One specific conversation nearly always emerges in my interactions with churches across the country.
With furrowed brows and a worried tone, they ask, “Where is the next generation of pastoral leadership for churches like ours going to come from?”
The concern is based upon a perception that ministry is increasingly seen as a profession that is hard on those who are called to the local church.
One resource tells us that 50 percent of ministers leave the ministry within their first five years of service, and that 90 percent of clergy will not make it to retirement from the ministry.
Clearly, anyone entering ministry faces very real and substantial challenges. However, effective and longer tenured clergy have often enjoyed the gifts of a good beginning.
Like nearly any profession, early experiences are formative, and strong role models and mentors are invaluable.
For emerging leaders, a strong sense of call, an awareness of core strengths, and an opportunity to explore ministry options in a safe and supportive environment are key ingredients for a meaningful career in ministry.
Doing this amid a team of clergy and laity who share common goals and commitments to one another is invaluable.
For me, the privilege of being mentored and guided by men and women across my formative years was a grace-gift that continues to pay dividends in my life, 40 years after sensing the call to ministry. I remain in debt to those who nurtured and affirmed that call in me.
I’m reminded that the great biblical leaders experienced something of the same.
Moses received his call on the backside of Midian, but he learned and honed his skills as part of a leadership team with Aaron and others.
Saul’s dramatic call experience on the road to Damascus led to his being taught and discipled in Saudi Arabia and at the feet of others who saw his potential and worked patiently with him.
Jesus clearly saw the value of nurturing new leaders and devoted much of his ministry to getting the disciples and others prepared to carry on when he was no longer physically among them.
Born into a pastor’s home, it was natural for me to have ministry as an option for a career. However, I was not initially drawn to ministry and felt led to many other opportunities.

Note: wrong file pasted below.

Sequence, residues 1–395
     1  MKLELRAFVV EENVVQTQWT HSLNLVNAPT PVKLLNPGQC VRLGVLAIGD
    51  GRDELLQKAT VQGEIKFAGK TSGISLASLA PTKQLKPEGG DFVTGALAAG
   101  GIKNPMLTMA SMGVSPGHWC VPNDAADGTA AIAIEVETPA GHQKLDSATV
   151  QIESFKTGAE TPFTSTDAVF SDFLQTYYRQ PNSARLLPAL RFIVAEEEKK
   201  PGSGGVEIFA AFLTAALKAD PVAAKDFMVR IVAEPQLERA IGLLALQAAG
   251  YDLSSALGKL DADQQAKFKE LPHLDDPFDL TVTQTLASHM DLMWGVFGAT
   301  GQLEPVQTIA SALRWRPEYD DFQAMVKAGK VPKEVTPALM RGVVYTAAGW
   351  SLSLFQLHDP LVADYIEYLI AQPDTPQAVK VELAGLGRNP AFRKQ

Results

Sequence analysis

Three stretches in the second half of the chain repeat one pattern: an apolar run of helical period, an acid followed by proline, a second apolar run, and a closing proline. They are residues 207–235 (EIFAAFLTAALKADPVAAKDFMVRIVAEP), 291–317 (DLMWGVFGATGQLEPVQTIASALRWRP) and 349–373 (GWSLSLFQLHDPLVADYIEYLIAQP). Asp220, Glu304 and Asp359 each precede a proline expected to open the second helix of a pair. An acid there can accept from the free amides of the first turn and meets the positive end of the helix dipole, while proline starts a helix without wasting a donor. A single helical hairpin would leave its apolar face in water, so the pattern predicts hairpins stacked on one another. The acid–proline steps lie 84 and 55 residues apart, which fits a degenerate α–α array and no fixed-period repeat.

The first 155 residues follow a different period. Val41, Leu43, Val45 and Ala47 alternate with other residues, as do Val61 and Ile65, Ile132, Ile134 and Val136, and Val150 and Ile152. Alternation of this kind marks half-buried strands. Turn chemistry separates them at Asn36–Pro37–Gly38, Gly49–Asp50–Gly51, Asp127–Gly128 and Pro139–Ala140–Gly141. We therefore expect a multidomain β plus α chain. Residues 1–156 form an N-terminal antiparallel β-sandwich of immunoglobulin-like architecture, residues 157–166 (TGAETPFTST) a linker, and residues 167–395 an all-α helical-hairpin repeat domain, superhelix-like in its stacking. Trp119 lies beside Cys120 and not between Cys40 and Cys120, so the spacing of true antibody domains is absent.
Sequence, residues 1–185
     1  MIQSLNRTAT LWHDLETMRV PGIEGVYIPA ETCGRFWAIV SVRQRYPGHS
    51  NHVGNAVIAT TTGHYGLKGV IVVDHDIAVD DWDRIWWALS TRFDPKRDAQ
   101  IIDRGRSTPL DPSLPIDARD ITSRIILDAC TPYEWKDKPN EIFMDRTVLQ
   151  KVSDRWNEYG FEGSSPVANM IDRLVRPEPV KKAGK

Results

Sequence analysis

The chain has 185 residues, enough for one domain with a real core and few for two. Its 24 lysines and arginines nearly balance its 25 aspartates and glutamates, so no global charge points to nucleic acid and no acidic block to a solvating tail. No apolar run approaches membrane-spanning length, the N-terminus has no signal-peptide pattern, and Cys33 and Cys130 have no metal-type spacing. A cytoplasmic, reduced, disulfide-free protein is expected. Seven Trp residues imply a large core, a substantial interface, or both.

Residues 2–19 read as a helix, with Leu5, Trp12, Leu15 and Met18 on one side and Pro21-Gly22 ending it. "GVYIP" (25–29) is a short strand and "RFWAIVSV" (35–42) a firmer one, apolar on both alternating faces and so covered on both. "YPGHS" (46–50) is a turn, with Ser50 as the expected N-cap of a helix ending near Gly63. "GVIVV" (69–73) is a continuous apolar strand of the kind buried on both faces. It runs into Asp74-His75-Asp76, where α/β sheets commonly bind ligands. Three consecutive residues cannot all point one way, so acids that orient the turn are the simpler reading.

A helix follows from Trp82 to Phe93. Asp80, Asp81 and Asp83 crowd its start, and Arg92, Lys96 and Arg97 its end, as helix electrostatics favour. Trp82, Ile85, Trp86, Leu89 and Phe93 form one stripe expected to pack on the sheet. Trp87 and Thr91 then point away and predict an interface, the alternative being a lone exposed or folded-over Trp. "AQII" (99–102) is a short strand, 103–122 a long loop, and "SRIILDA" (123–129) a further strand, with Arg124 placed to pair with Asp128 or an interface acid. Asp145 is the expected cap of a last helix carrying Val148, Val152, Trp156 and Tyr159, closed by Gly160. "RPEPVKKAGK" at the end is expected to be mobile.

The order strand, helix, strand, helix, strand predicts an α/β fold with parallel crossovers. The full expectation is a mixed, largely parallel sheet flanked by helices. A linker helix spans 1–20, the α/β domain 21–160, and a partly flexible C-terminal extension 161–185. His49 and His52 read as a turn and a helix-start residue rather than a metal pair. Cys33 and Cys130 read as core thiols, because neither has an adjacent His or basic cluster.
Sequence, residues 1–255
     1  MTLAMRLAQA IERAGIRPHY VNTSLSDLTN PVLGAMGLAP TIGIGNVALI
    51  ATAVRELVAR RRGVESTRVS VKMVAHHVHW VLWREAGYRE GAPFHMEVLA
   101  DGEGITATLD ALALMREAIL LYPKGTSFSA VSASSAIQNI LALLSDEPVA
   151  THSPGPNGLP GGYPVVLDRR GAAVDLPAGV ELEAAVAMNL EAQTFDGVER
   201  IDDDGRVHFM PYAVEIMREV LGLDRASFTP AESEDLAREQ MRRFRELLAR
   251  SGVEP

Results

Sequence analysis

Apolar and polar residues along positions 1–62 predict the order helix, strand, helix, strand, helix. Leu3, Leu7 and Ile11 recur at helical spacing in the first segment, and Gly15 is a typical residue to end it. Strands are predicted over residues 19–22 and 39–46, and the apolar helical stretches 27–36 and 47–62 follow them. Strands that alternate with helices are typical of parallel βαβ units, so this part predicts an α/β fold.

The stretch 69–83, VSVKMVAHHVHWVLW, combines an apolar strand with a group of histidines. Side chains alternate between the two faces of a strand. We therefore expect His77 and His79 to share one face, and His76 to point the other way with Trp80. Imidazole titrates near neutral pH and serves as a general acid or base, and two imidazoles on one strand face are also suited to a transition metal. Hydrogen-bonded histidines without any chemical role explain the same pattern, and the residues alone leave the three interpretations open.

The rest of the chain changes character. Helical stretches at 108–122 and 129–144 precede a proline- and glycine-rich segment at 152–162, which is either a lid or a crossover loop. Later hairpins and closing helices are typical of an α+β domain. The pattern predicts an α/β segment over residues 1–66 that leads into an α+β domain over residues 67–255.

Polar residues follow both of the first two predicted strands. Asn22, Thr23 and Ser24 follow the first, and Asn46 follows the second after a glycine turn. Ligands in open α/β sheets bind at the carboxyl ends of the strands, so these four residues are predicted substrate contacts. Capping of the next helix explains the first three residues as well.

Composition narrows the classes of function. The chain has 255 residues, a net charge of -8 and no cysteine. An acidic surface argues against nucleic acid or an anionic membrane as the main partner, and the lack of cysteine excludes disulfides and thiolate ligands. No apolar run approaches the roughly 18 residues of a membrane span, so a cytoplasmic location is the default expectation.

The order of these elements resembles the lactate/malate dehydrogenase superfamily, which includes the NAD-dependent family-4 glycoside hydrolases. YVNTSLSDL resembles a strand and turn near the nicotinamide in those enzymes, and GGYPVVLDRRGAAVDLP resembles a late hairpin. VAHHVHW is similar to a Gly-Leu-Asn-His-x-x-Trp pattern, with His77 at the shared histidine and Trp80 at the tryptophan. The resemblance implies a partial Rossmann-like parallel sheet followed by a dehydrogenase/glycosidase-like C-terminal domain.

Professional baseball was my first choice, but when it became apparent that my skills didn’t quite measure up to that calling, I had to reconsider.
It was on a youth mission trip to rural West Virginia that I first took seriously the possibility of a call to ministry.
It wasn’t my father who voiced that possibility, but our youth minister and my contemporaries who “called me out” and affirmed my potential.
That began a multiyear conversation with God and many others as I sought to gain clarity about my calling.
My parents, and especially my father, provided a steady presence across those years of discovery.
No one in my life has ever modeled what it means to be a healthy minister like my father.
I just assumed all ministers were the kind of man my father was: putting family first, humble, full of integrity, honest, loyal, positive, devoted to Christ, in love with the church, believing the best about people.
Only later did I discover what an exception he was. He and my mother were in love with one another and showed my sisters and me what it meant to be a healthy family.
Thankfully, I started with a positive role model and inspiration that continues to drive me today as I work to help congregations and clergy become what God intends them to be.
With that positive experience as a background orientation, I began to think deeply about giving my life to this vocation called ministry. If that was what a minister looked like, I could only hope to emulate something of that in my life.
People such as Frank Hart Smith, Jim Poole, Dewey Jones, Lloyd and Masako Cornell, Ira Peak, Ruby Treadway, Bill and Rebecca Whittaker, Tom and Rita Moody, Robert and Jean Wooddy, Randy and Betty Smith, Ray Conner, and Don and Kathy Mattingly all spoke into my life and took an interest in me.
Gradually, I found myself given opportunities and appropriate coaching as I found my voice and discovered my gifts.
Upon graduation from seminary, I was invited to join the ministerial team at a large church and continue my transition into the emerging leader phase of my ministry.
There I found mentors and friends, both laity and clergy, who nurtured me and provided opportunities to grow and to learn what it meant to be an effective minister.
Some of those lessons were exhilarating, and some were excruciating. All were valuable.
Where are our next pastoral leaders going to come from? From your church, but only if you take seriously your role in creating a healthy culture of call.
Bill Wilson is president of the Center for Healthy Churches (CHC) housed at Belmont University in Nashville, Tennessee. A version of this column first appeared on the CHC blog and is used with permission. You can follow him on Twitter @BillWilson1028 and the center @ChurchHealthy.
Bill Wilson is president of the Center for Healthy Churches (CHC) housed at Belmont University in Nashville, Tennessee.